“It should be a nice, balanced thing,” says Nick Littlehales, a sleep coach who has worked with several high-profile football teams. “I see a lot of people who have three coffees more or less back to back in the morning. They’re at 1,000-1,500mg before they get to lunchtime – then they stop their intake. That’s not a sensible way to do things: it’s about keeping it nice and level, with no big ups and downs. Keep track of when you have a little bit of a low-energy lull, then you can actually use your caffeine intake strategically, to help you out at key times.”
Is it good for you?
This is where those other biologically active compounds come in. It’s also where the science becomes less clear. A few people suggest that excess intake may be linked to increased cancer risk or heart problems, while others say a few cups a day is fine.
It’s helpful to look at meta-analyses of many studies – or, even better, an “umbrella review”. One of the largest of these, which looked at more than 200 meta-analyses in 2017, said: “Coffee consumption seems generally safe within usual levels of intake, with summary estimates indicating the largest risk reduction for various health outcomes at three to four cups a day, and more likely to benefit health than harm.” Another from the same year found that coffee was associated with a probable decreased risk of several forms of cancer, alongside cardiovascular disease, Parkinson’s disease and type 2 diabetes.
What about coffee’s other long-term benefits? There is some evidence that its mood-elevating effects can be beneficial over the long term. In a 2016 meta-analysis of observational studies, caffeine consumption was found to decrease the risk of depression, while a Finnish study from 2010 found a similar result with coffee. In the Finnish study, the connection was weaker when other caffeinated drinks were consumed – suggesting that there is something in coffee specifically that can affect mood. One theory is that it’s the antioxidants, as these tend to correlate with reduced stress overall.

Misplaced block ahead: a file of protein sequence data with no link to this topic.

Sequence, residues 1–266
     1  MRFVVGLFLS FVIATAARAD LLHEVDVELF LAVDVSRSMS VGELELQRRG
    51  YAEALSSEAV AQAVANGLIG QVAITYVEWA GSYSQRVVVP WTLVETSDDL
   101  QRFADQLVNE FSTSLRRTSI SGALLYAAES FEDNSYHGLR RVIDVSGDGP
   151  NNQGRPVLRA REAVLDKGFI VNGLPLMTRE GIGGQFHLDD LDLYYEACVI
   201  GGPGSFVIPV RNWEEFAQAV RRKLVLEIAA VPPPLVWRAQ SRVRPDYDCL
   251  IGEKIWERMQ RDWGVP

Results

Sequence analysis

Coffee can also help with burning fat, but it’s most effective in conjunction with exercise. “In order to get rid of fat, you have to break it from the cell and then burn it,” says Nelson. “Caffeine has been shown to increase lipolysis, or the breaking part.” So, having a quick cup before your morning workout does more than just give you an energy boost.
What about the way you drink it?
Does how you drink it make a difference? In short: yes. Darker roasts, as well as being lower in caffeine, tend to contain fewer antioxidants and lower levels of chlorogenic acid, a compound that can protect the body against inflammation and cell damage. When you grind the beans doesn’t matter (unless you prefer that fresh-ground flavour), but how much you grind them probably does – a finer grind releases more polyphenols, giving fine-ground brews slightly more beneficial effects.